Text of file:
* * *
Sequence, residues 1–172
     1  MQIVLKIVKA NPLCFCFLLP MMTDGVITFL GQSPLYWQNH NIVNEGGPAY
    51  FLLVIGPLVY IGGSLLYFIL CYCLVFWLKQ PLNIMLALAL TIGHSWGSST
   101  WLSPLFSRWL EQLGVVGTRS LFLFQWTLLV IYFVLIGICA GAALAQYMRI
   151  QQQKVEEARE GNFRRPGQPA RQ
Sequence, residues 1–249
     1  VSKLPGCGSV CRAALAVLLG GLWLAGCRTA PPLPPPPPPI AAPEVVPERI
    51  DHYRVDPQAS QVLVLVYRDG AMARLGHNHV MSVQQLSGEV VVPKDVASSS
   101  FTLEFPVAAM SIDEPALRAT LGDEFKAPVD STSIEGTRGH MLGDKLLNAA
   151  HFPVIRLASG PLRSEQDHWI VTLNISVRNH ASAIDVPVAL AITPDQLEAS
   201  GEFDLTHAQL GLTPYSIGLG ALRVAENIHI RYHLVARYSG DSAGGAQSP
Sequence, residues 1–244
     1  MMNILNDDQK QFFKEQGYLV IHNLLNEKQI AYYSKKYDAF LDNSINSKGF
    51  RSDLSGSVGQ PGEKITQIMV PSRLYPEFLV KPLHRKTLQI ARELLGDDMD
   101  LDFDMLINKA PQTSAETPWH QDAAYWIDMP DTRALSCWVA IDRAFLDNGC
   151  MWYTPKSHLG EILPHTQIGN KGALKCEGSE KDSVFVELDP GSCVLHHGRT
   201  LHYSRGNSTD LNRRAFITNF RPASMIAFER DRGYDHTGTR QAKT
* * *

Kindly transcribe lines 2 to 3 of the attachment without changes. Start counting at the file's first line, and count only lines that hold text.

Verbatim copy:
     1  MQIVLKIVKA NPLCFCFLLP MMTDGVITFL GQSPLYWQNH NIVNEGGPAY
    51  FLLVIGPLVY IGGSLLYFIL CYCLVFWLKQ PLNIMLALAL TIGHSWGSST